Things aren't going any easier for Jimmy as Bizarro No. 1 has erected the "Fortress of Crowds," a huge, ramshackle building with its own signage, stocked with screwy weapons and a truly frightening laboratory amongst its features.

The imperfect Superman then begins to do his "good deeds," by scattering garbage throughout Metropolis' parks and making rock walls in the streets to alleviate the traffic problem.  Later he gets into his "secret identity" striking a bizarre figure indeed on the streets.

On the distant world where the real Batman and Superman have completed the interplanetary Fort Knox, they little realize what awaits them back on Earth.  It isn't long, however, that they discover the mayhem being caused by their imperfect doubles.  

Part II, "I Was an Idiot for the F.B.I." opens with our heroes trying to reason with their doubles, showing them what heroes on Earth do, but they just don't get it and in fact, glance admiringly at the portrait of the Joker on the wall.  They state they'll undo the "rotten deeds" that have been accomplished.  Superman has had enough by then and hurls his Bizarro duplicate into the atmosphere and back toward Bizarro world, but Bizarro #1 won't be thwarted so easily and soon returns with a boulder, distracting the World's Finest Team long enough to scoop up Bizarro Batman and take off.  

Soon the idiots are making good on their vow by perpetrating a jail break for the Joker, who is delighted with the assist.  Bizarro #1 inducts the Joker into the F.B.I. officially declaring him a member in good standing of the Federation of Bizarro Idiots.  Unwittingly, the duo begins to help the Joker plot his next crime.

At a ball that evening, the Joker arrives on a skateboard to relieve the wealthy guests of their swag while the Bizarro's distribute junk to the guests to replace their "trash."  When the real Batman arrives, his Bizarro counterpart brings the "useless belt" into play again, flinging a handy banana peel the caped crusader's way.  Making their getaway in a dilapidated Bizarro Batmobile, the Joker is horrified that they've gone to the highly visible Bat Tower, where, of course, the real heroes arrive and to their surprise the Bizarro's are happy to turn the Joker over, because, of course, he deserves to be rewarded for his deeds by going to prison.  

The imperfect pair continue to go about their opposite ways, causing more mischief and headaches until Batman and Superman decide the only way to get them out of their hair is by a diversion, and what better one than flying to the Bizarro world to create their own mayhem?  Soon they're fixing buildings, straightening roads, embellishing structures with precious gems; in short anything offensive to the Bizarro sensibilities.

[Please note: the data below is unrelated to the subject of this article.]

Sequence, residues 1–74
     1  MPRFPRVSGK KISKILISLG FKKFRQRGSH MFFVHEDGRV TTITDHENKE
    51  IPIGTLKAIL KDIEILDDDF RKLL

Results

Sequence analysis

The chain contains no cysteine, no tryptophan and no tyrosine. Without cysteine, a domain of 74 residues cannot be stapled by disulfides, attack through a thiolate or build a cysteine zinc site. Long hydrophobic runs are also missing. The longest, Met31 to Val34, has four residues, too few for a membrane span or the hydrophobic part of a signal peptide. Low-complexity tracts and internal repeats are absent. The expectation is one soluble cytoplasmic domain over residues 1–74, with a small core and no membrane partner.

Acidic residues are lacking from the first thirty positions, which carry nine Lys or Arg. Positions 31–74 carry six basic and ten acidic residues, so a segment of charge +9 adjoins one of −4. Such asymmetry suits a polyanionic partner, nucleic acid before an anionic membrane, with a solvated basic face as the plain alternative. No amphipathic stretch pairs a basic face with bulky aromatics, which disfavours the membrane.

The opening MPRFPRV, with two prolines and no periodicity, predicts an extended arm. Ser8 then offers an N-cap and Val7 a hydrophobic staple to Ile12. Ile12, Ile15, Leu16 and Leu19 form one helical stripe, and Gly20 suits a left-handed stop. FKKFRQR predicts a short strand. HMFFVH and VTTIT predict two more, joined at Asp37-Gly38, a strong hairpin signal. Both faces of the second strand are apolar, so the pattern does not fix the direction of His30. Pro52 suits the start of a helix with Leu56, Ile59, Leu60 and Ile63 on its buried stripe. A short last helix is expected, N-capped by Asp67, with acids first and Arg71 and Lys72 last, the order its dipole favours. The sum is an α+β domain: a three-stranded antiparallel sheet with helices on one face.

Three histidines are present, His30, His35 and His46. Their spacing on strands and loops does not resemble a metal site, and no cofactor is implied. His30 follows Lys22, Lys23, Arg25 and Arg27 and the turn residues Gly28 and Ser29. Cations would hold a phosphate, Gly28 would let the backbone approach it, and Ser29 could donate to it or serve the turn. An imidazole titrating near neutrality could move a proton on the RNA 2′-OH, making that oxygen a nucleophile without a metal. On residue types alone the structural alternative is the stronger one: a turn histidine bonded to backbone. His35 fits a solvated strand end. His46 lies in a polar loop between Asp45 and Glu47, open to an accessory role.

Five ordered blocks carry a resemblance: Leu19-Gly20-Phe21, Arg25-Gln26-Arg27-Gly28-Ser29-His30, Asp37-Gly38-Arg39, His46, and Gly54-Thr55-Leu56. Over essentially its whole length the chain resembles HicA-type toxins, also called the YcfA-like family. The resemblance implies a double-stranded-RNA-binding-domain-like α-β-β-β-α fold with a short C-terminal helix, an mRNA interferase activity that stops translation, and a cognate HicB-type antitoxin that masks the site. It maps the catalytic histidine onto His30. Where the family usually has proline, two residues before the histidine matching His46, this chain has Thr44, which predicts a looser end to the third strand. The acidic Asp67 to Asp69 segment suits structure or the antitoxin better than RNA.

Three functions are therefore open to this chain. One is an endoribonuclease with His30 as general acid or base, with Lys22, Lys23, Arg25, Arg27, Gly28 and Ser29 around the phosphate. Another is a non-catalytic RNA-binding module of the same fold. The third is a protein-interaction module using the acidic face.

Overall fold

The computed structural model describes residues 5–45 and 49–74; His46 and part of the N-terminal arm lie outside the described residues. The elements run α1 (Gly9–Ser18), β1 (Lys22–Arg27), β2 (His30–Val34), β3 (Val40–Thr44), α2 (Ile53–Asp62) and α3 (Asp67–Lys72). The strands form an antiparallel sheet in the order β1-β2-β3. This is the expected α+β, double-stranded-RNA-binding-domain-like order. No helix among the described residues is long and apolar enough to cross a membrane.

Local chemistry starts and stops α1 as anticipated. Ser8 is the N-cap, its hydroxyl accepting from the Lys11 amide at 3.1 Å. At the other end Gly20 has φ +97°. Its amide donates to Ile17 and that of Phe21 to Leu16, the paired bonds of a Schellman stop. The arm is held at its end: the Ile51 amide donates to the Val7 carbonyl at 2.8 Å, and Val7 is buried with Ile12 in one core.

Naturally it isn't long before the Bizarro's arrive on their world, furious at what Superman and Batman have done.  They angrily banish them from their world and vow to stand guard forever against their return. 

A parade is held for the Bizarro's complete with booing and thrown garbage and the respective teams are happy to be back to their respective normality, ending this 18-page piece of merriment.

A short Tommy Tomorrow backup tale fills in this book, which was a fun change of pace.  I suspect it must have been the same for the artists and editors, though I imagine it got a little complicated for Curt Swan to constantly have to remember to draw the "S" shield backward on Bizarro's chest and cape and to do those extra, quartz-like features on their faces and bodies.

The Bizarro concept has been around for a long time now, and this story is representative of what Bizarro was meant to be, which was a nuisance and headache rather than a full-blown menace.  For an interesting and uniquely Silver Age artifact, I'll give this one an 8 on the rating scale.  

If you've got your own favorite Bizarro recollection or questions or comments or what have you, feel free to drop me a line.  I'm always available at professor_the@hotmail.com

We hope your summer is off to a great start and we'll try to be a small part of it as this feature rolls forward.  C'mon back on the 1st of July for the latest installment and in the mean time…

Long live the Silver Age!